Eurasian Natural Resources Corp. Chairman Mehmet Dalman resigned as the mining company’s three founding shareholders and the Kazakh government consider making an offer for the producer of iron ore, copper and power.
Dalman has been replaced by director Gerhard Ammann, former chief executive officer of Deloitte & Touche LLP’s Swiss practice, the London-based company said in a statement yesterday. Dieter Ameling and Paul Judge won’t seek re-election to the board at ENRC’s June 5 general meeting, it said.
ENRC appointed Dalman chairman in February 2012 to oversee a reorganization and improve corporate governance after corruption allegations against the company, which has operations in Kazakhstan, China, Russia, Brazil and Africa. The U.K.’s Serious Fraud Office is investigating payments made by an ENRC unit in Kazakhstan and anti-corruption groups have questioned its dealings in the Democratic Republic of the Congo.
“Yesterday’s departures perhaps lean the company further from a scenario in which it maintains its London listing,” Liberum Capital Ltd. analysts said in a note today. “Dalman was brought in to address governance issues and was the public-facing voice of the restructuring story at ENRC and therefore his departure will be a concern to the market.”
ENRC has dropped 49 percent in London trading in the past year amid lower commodity prices and the questions over corporate governance. The stock declined 0.6 percent to 280.70 pence at the close, valuing the company at about $5.5 billion.
Alexander Machkevitch said on April 19 he’s considering joining two fellow founders of ENRC and the Kazakh government in making an offer for the company. The group has until May 17 to make an offer.
“The recent announcements portray a company that is in turmoil,” Tony Robson, an analyst at BMO Capital Markets, said in a note to clients. “There has been no actual offer by the consortium and, in its absence, the shares may suffer from downside.”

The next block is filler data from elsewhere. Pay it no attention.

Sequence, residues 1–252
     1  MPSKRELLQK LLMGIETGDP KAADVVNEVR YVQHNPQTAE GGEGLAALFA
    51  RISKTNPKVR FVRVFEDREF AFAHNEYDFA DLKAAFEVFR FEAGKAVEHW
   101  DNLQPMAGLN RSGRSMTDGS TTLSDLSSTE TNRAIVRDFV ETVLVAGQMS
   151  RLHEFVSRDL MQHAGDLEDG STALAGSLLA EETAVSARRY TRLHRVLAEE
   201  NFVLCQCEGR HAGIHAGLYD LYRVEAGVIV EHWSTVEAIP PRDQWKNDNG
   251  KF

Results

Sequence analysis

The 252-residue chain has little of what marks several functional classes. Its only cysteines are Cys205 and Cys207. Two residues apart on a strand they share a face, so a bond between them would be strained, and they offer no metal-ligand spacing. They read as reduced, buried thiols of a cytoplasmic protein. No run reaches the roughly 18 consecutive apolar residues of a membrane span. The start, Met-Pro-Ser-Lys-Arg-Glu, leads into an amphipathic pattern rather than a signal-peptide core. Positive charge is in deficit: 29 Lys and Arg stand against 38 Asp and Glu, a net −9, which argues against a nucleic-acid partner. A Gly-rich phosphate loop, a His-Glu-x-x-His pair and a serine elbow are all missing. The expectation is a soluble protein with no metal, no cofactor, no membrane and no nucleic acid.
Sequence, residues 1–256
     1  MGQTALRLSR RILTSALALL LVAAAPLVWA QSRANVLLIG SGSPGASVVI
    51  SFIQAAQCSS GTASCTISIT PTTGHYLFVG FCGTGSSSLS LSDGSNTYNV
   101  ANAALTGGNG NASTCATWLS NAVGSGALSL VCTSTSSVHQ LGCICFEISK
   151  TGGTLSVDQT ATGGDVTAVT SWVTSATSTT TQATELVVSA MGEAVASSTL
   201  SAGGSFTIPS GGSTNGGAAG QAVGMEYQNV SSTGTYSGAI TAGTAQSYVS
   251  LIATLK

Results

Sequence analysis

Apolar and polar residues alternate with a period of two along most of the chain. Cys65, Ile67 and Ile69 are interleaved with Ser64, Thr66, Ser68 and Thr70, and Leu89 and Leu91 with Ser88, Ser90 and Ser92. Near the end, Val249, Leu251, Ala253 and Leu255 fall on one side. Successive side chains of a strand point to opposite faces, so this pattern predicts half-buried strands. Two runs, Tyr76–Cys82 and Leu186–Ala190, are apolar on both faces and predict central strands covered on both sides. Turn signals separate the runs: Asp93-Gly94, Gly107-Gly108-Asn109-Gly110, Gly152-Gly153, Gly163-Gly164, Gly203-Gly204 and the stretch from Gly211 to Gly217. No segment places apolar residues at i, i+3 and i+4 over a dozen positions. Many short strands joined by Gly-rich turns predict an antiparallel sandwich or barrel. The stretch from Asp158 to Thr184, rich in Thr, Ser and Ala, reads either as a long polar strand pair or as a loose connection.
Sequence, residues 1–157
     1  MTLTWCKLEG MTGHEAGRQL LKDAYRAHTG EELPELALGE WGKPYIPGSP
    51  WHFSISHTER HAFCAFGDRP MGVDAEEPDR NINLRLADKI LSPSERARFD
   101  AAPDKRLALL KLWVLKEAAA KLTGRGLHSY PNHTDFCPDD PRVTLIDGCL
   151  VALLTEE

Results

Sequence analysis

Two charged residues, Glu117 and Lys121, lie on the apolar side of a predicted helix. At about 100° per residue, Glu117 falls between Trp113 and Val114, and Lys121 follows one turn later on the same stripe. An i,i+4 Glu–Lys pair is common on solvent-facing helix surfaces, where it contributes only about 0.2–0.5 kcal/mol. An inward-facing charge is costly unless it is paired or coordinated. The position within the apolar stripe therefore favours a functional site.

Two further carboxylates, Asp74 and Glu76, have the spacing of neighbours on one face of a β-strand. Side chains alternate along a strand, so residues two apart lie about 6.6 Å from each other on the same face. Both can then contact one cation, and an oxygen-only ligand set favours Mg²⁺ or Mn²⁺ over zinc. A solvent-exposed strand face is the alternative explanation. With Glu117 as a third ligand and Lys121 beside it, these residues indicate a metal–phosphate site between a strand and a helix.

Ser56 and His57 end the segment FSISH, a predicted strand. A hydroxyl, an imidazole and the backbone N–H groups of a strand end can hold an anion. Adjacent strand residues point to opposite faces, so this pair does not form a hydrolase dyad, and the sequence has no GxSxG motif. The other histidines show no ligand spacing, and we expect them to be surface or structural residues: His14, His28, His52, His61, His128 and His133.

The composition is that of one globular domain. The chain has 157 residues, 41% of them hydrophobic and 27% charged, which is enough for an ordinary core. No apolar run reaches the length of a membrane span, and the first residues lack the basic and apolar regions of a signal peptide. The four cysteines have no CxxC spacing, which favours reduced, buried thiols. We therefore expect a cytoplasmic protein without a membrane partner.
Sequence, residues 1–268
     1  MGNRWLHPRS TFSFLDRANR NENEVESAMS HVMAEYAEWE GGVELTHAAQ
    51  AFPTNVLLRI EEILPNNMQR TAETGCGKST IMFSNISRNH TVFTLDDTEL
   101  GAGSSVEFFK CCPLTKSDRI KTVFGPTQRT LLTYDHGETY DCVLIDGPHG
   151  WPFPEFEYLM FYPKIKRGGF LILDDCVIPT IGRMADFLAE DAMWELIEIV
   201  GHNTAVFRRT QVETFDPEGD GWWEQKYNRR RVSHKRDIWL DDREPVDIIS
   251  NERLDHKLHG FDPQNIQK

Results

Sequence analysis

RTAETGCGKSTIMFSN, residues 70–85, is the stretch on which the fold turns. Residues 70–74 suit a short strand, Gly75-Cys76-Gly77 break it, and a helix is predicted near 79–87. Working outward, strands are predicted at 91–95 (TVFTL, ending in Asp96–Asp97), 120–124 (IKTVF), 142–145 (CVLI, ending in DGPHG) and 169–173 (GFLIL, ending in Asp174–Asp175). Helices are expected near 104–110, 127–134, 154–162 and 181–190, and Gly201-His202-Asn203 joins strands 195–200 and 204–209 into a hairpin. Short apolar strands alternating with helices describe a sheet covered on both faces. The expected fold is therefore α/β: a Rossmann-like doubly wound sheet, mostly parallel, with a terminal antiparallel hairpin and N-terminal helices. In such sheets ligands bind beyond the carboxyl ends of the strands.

Machkevitch and fellow controlling shareholders Patokh Chodiev and Alijan Ibragimov own almost 44 percent of the company with the Kazakh government holding 12 percent. Kazakhmys Plc, Kazakhstan’s biggest copper producer, owns about 26 percent of ENRC.
The consortium would need $4.5 billion to buy out the 18 percent free float and the Kazakhmys’ stake at 5 pounds a share, and $2.6 billion at 3 pounds, Liberum said. Kazakhmys gained 7.2 percent to 359 pence.
ENRC has set up an independent committee to evaluate any proposal against alternatives available to the company, it said yesterday, advising shareholders to take no action.
“The board confirms that it has not received any proposal which could result in an offer or possible offer,” ENRC said. “At this point there is no certainty that any offer will be forthcoming.”
Ammann, who has been on ENRC’s board for more than five years, takes on the executive powers handed to Dalman in November, including finance, risk, legal and compliance. Ammann has been named acting chairman, with shareholders due to vote on his appointment at the June 5 meeting, ENRC said.
“I have achieved all that I can as chairman of ENRC and it is therefore appropriate to hand over the reins to new leadership,” Dalman said in yesterday’s statement. “I am confident that the interests of the minority shareholders will be well served by strong non-executive directors.”
The latest round of changes to the board come after a series of executive departures during the past two weeks. Chief Commercial Officer Jim Cochrane resigned from his position and his board seat on April 11. The company’s secretary and head of human resources have also resigned, a person familiar with the matter said this week.
ENRC’s assets include iron ore, ferroalloy and power production operations in Kazakhstan, copper and cobalt businesses in Africa and a Brazilian iron ore project.
In 2010, ENRC took control of copper and cobalt mines that Israeli billionaire Dan Gertler obtained from the Democratic Republic of Congo government, which had seized them from Vancouver-based First Quantum Ltd.
Anti-corruption groups including Global Witness have criticized the transaction, saying Gertler got the assets at low prices because of his close relationship with the nation’s president. Gertler denies he purchased companies at below-market rates. First Quantum also sued ENRC, which settled for $1.25 billion.
ENRC traces its roots to the founders’ participation in the 1990s privatizations of Kazakh state assets, which were gradually combined into a single group of companies and listed in London in 2007.